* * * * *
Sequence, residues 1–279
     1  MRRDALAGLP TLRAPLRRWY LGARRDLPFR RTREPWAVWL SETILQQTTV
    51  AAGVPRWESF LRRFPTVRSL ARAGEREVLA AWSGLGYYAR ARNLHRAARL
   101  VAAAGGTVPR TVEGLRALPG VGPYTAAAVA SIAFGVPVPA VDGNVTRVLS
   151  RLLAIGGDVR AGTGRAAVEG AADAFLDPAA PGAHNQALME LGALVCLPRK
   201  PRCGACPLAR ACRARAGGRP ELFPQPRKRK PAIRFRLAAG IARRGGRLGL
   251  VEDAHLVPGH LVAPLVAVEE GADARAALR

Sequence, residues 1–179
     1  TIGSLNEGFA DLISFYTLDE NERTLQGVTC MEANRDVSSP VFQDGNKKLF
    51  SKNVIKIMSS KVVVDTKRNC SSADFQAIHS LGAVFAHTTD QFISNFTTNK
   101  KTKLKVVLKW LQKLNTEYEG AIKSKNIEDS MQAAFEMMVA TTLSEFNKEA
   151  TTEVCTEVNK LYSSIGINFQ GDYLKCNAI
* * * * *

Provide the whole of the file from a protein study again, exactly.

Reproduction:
Sequence, residues 1–279
     1  MRRDALAGLP TLRAPLRRWY LGARRDLPFR RTREPWAVWL SETILQQTTV
    51  AAGVPRWESF LRRFPTVRSL ARAGEREVLA AWSGLGYYAR ARNLHRAARL
   101  VAAAGGTVPR TVEGLRALPG VGPYTAAAVA SIAFGVPVPA VDGNVTRVLS
   151  RLLAIGGDVR AGTGRAAVEG AADAFLDPAA PGAHNQALME LGALVCLPRK
   201  PRCGACPLAR ACRARAGGRP ELFPQPRKRK PAIRFRLAAG IARRGGRLGL
   251  VEDAHLVPGH LVAPLVAVEE GADARAALR

Sequence, residues 1–179
     1  TIGSLNEGFA DLISFYTLDE NERTLQGVTC MEANRDVSSP VFQDGNKKLF
    51  SKNVIKIMSS KVVVDTKRNC SSADFQAIHS LGAVFAHTTD QFISNFTTNK
   101  KTKLKVVLKW LQKLNTEYEG AIKSKNIEDS MQAAFEMMVA TTLSEFNKEA
   151  TTEVCTEVNK LYSSIGINFQ GDYLKCNAI